A kid who can play computer games really well has the potential to be a good driver. A Pervasive Developmental Disorder (PDD) kid has the likelihood of knowing the road rules better than the examiner, and will never knowingly break the rules; not and feel happy about it.

    We were able to get our hands on some computer games which were designed around our road rules. One of these games was produced by our NRMA and was called "Shift". It was designed as a refresher course in road rules (and how complex a situation can be) for new drivers. If you can't find something similar, maybe you could track down the Aussie ones? But surely there should be something in your state. Or if there isn't, see if your amazing son can design one in the time he needs to spend waiting for the insurance to be more sensibly affordable. Lucas is a game-head like my boys, isn't he? Doing something like that would drill him in the rules, would give him something practical to work on and in the event he succeeds, would make enough money to keep you in a style to which we all would like to become accustomed! Then insurance costs needn't be the issue.

    OK, maybe a little light humour here, but stranger things have happened.

  13. Rotsne

    Rotsne Banned

    Driving is a very serious thing. Here it is a very long and expensive process, because it include mandatory CPR-training, time on a race track, both a written and a behind-the-wheel test.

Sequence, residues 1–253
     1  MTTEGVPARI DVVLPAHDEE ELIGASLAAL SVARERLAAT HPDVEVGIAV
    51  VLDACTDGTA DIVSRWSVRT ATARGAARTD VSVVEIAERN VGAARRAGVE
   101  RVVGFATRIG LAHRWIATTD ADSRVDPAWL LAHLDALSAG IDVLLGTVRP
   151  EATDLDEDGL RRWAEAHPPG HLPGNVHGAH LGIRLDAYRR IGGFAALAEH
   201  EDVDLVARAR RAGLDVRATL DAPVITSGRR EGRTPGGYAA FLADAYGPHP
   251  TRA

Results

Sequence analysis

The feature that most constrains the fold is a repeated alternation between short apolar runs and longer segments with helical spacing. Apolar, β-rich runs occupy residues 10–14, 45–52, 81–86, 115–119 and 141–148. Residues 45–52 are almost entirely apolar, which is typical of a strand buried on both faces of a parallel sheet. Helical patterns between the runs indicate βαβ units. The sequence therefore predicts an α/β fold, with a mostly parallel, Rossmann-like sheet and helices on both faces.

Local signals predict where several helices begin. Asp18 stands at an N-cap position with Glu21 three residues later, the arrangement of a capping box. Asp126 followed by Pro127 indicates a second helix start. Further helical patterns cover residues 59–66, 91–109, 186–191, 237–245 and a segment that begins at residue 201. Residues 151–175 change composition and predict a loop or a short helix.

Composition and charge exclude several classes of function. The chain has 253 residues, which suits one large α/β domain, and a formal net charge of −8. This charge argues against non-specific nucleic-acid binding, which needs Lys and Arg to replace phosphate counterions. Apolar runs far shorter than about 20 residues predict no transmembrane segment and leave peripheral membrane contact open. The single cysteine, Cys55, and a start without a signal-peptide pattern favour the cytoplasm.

So parents want to be very sure that their children are able to drive. The punishment is very severe if they end up in an accident even without alcohol in their blood. A driver got 60 days and 1.100 dollars in fine for killing to young men on a bicycle and leaving them in a panic. If he had remained, other cases show that he had got away with the fine only.

    Thats one of the reasons we have the 16 year limit when it comes to alcohol, so some of those who are unable to drive due to their consumption habbits, are sorted off by their parents.

    We don't have an very easy access to weapons, so cars are the major killer in our society and while mobility comes with an accepted cost, which are lives lost there is no reason to overdo it.

    So being placed in your shoes, I would certainly try to have him evaluated by professionals and if necessary use this process to stall him so he is older before he ends up being the wheels.

    I know that I come from another culture, but personally I don't believe that 16 year olds are mature enough to drive a car. In some cases even 18 year olds are too young. This year all Europe have decided that drivers of lorries over a certain limit have to be at least 21 years. We have a similar system with motorcycles where 2 years with an ordinary licens is needed before a license to larger bikes can be taken.
  14. SomewhereOutThere

    SomewhereOutThere Well-Known Member